High Blood Pressure: Symptoms, Causes, & Treatments
High blood pressure, also known as hypertension, is a condition that affects about one in every three adults in the United States. It’s estimated that by 2030, nearly 50% of Americans will have high blood pressure or be taking medication for it. The exact cause of high blood pressure is unknown but there are many factors that can contribute to this condition. High blood pressure increases your risk for heart disease and stroke which can lead to serious health problems later on in life. To manage these conditions and reduce your chances for developing them in the future, it’s important to learn about how hypertension affects your body and what steps you can take to control it naturally or through medication if necessary
Some of the symptoms of high blood pressure include:
- Blurred vision
- Chest pain, discomfort or tightness in your chest that lasts more than a few minutes or goes away and comes back. It may feel like pressure, heaviness, pain, fullness or squeezing in your chest. The lower number of heartbeats can cause this symptom to be worse when you’re active or start to exercise. If you have this symptom with high blood pressure, you may have something called “masked hypertension.” This means that the doctor isn’t aware of the problem because there are no other symptoms present when he tests for blood pressure. However, masked hypertension is very dangerous because it increases your chances of having a stroke by five times and heart disease by three times. You should inform your doctor if this is happening to you on a regular basis so that he can do further testing on his own time and make sure that everything is okay medically before proceeding with treatment options such as medication therapy or lifestyle adjustments
High blood pressure is more likely if you:
- Are overweight or obese
- Have diabetes
- Smoke cigarettes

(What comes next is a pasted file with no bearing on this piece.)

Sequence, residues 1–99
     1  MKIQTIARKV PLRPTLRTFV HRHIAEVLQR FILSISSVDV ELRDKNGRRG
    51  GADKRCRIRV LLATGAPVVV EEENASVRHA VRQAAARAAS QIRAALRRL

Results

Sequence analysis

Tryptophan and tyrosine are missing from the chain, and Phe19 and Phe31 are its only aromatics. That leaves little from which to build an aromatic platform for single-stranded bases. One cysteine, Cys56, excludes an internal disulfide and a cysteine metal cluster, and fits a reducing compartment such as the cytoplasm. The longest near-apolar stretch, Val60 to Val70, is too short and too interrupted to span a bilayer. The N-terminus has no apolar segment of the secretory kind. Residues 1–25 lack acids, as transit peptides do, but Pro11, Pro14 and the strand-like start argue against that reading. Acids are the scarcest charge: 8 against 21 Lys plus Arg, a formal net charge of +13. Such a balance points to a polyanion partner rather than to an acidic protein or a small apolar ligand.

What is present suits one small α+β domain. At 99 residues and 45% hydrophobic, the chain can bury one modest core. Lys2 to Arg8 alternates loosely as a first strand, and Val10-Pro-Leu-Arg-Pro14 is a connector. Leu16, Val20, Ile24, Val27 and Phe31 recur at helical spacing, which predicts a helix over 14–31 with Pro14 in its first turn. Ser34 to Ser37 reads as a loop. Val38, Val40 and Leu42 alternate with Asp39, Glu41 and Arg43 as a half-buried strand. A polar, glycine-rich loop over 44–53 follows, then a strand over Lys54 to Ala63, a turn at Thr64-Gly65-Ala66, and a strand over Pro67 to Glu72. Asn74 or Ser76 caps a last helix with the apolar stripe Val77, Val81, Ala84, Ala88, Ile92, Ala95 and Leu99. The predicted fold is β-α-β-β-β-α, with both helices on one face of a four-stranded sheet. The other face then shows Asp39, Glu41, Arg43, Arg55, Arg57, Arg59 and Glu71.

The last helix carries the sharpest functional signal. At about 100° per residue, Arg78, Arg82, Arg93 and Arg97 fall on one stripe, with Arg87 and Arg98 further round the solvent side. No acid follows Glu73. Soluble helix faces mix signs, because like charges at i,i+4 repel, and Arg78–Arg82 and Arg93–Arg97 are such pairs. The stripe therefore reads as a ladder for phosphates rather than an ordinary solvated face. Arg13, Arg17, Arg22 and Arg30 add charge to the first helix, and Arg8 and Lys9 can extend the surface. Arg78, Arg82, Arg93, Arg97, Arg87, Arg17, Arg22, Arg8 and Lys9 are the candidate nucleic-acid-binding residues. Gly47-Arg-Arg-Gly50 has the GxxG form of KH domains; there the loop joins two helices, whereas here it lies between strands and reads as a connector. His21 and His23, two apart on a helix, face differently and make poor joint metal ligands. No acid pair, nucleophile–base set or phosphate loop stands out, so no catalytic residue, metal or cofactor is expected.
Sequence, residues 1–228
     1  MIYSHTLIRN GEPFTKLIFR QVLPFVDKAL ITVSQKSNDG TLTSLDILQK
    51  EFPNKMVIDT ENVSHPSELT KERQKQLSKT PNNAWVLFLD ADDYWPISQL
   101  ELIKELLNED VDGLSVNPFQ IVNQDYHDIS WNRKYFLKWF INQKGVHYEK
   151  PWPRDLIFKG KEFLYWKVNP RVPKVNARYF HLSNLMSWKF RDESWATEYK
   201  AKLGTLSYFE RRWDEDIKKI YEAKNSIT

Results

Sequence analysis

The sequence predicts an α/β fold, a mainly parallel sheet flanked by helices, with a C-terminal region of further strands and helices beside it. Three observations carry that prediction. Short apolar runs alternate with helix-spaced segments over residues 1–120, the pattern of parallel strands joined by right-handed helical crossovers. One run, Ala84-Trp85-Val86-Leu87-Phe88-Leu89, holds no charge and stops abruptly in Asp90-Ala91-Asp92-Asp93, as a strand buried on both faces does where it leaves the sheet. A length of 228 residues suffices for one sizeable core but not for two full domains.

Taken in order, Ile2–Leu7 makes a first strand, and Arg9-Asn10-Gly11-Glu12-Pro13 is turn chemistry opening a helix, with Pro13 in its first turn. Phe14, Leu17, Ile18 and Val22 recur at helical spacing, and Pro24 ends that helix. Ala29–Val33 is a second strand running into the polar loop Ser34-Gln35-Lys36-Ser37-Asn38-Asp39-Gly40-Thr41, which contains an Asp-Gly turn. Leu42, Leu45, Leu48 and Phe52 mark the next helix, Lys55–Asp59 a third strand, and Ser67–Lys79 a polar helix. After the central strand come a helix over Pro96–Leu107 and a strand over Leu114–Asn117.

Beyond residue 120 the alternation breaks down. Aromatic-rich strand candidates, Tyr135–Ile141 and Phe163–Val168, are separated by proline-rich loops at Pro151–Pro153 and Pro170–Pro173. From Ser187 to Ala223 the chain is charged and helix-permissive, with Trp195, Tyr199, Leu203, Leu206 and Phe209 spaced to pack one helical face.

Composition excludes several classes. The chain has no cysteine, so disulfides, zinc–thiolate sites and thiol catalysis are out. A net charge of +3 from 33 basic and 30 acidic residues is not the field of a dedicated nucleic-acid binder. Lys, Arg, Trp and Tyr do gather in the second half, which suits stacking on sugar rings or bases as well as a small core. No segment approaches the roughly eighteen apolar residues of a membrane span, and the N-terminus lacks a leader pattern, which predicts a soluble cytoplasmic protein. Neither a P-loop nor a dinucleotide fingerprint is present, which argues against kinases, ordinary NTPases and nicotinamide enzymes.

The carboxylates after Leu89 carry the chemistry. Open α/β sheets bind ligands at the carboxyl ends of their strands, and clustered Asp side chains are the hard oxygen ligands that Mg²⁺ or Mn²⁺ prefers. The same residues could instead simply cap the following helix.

- Are a woman who gets pregnant after age 35 (after menopause)
- Have a family history of high blood pressure. If you’ve never been diagnosed with high blood pressure, but your parents or siblings have it, you’re at an increased risk of developing it yourself. This is because certain genetic factors can lead to an increased risk of the condition.
Even if your parents and siblings were lucky enough not to develop the condition themselves, it’s still possible for them to pass on their genes—and therefore their potential disease burden—to you and your children.
In addition to lifestyle changes and medication, some people with high blood pressure may need surgery.
If lifestyle changes and medications aren’t enough to control your blood pressure, you may need surgery.
Surgical procedures for high blood pressure include:
- Angioplasty—a procedure that widens narrowed or blocked blood vessels in the heart or brain.
- Bypass surgery—surgery to clear blocked arteries in the heart, which improves blood flow and helps prevent a heart attack or stroke.
- Kidney transplant—when someone’s kidneys no longer work properly, a healthy kidney can be transplanted from another person into the body of someone with failing kidneys so they can start working again. This procedure is only done if you have end-stage renal disease (ESRD). ESRD means your kidneys are no longer able to filter waste products from your body like they should be able to do on their own. You’ll need dialysis until you get a new kidney if this happens to you; without one, death will eventually occur because of complications related to kidney failure in most cases within two years after diagnosis with ESRD unless treated before then through either dialysis or transplantation services provided by hospitals throughout America today depending upon where one lives geographically within America today depending upon where one lives geographically within its borders – that is unless treated earlier than two years after diagnosis by receiving treatment sooner than two years after receiving initial diagnosis via .
The key to managing high blood pressure is proper treatment and regular monitoring.
The key to managing high blood pressure is proper treatment and regular monitoring. If you have high blood pressure, it’s very important to be aware of the symptoms. If you experience any of these symptoms, seek medical attention immediately:
- Feelings of dizziness or lightheadedness
- Chest pain or shortness of breath
- Severe headaches
- Blurry vision
High blood pressure can be a serious condition that requires proper treatment in order to prevent complications. It is important to remember that there are many different types of treatment available, so if one method does not work for you, don’t give up hope! There are plenty of other options available. If you think you may have high blood pressure symptoms, contact your doctor immediately so they can begin treatment right away.